The top deck had round tables and white tablecloths and the cheese and crackers and roast beef sandwiches and mini burgers and mozzarella and chicken skewers were from Harry Caray's. The beer and the wine were unlimited--and as we glided under the main branch bridges, their undersides became our ceilings, one after the other after the other. The deck below where the food and bar were was darker and less fancy and all open without chairs.
The air was cool and comfortable and the sky was clear during Alderman Bob Fioretti's fundraiser on Shoreline's "Evening Star."
We travelled as far north as Chicago Avenue on the north branch and as far south as Ping Tom Park
on the south branch. The river corridor running through the South Loop from Bertrand Goldberg's River City
at Polk Street to what the neighbors now call "Tony Rezko Park" at Roosevelt
, looked beautiful against the early evening sky as the sun was setting. (Rezko was the last to own and
have serious development plans for the city's last and biggest undeveloped swath at Roosevelt and Clark and the river.) The 2nd Ward part of the south branch looked like a glorious mix of modern concrete and glass--and wild foresty land. A disjointed juxtaposition that engages the imagination. A perfect metaphor for the ward.
Fioretti, still recovering from tonsil cancer
, spent his time communicating with his constituents, explaining that he'd just had an MRI and a scan and "everything else they do." And the results were perfect, he reported. And then he told the story of the day's visit with First Lady Michelle Obama, who was visiting Chicago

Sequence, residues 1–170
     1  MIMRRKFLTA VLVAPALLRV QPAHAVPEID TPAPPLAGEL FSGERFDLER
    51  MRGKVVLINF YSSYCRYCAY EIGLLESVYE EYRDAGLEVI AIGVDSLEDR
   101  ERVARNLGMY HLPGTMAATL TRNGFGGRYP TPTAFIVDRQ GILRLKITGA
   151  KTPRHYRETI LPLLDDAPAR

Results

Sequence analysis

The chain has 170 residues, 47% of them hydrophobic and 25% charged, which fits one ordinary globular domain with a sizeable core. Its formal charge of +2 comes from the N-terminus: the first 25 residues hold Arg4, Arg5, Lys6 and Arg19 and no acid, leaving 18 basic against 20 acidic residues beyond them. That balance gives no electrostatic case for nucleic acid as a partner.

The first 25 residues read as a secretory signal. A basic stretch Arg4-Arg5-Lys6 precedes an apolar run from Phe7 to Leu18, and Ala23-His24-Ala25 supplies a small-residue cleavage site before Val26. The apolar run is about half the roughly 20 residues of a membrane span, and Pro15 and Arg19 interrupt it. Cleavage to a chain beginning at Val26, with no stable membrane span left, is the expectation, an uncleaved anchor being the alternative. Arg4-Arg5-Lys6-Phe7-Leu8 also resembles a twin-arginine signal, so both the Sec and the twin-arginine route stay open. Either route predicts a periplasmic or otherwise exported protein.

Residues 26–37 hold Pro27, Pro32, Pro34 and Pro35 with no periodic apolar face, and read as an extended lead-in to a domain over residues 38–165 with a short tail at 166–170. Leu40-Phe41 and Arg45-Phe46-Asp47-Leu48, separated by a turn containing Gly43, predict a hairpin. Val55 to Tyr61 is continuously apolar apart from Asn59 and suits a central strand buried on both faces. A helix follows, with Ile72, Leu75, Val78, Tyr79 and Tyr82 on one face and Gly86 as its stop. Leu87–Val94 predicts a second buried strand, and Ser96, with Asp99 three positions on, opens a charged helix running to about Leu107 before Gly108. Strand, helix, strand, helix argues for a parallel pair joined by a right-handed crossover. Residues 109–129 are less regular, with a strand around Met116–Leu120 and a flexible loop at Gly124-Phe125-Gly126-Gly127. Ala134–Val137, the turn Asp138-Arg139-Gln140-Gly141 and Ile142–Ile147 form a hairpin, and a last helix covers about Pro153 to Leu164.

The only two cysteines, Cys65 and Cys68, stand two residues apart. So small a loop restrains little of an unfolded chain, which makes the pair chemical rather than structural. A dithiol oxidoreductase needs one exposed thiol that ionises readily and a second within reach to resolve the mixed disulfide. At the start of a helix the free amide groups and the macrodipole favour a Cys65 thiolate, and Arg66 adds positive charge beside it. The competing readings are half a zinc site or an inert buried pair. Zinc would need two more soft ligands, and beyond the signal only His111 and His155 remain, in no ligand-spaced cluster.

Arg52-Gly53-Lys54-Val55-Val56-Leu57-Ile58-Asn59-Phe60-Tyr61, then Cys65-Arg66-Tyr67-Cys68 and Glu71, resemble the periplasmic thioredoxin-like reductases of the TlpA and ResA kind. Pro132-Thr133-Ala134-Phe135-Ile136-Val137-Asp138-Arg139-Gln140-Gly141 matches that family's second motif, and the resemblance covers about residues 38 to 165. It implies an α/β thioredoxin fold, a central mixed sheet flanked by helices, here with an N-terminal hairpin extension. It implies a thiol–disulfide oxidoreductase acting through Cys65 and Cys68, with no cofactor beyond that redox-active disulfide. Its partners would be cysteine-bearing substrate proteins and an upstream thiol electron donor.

for her husband's campaign. She knew right away who he was when he greeted her--"Alderman of the Second Ward," he said she said. "And you also have those beautiful flowers at your house," he also said she said.
Nicki Pecori, the alderman's significant other liked that comment--she's the gardener. And her mother is a Master Gardener
in Springfield, "so she'll be really happy to hear what Mrs. Obama said," said Pecori. Fioretti joked that he thought the First Lady was viewing his house--and flowers--via "one of those satellites they have."
Actually, the Obama girls have friends who live on Fioretti's block so the First Lady is familiar with his house, Fioretti explained.
One of Fioretti's most ardent supporters, Chicago Teachers Union organizer Marty Ritter
had a little flyer he gave me during the cruise about the latest union demands: smaller classes; a better school day--not just a longer one; fair compensation; and job security to keep experienced teachers. Because at a fundraiser, there's always room for issues. And politics. And making things better in the future.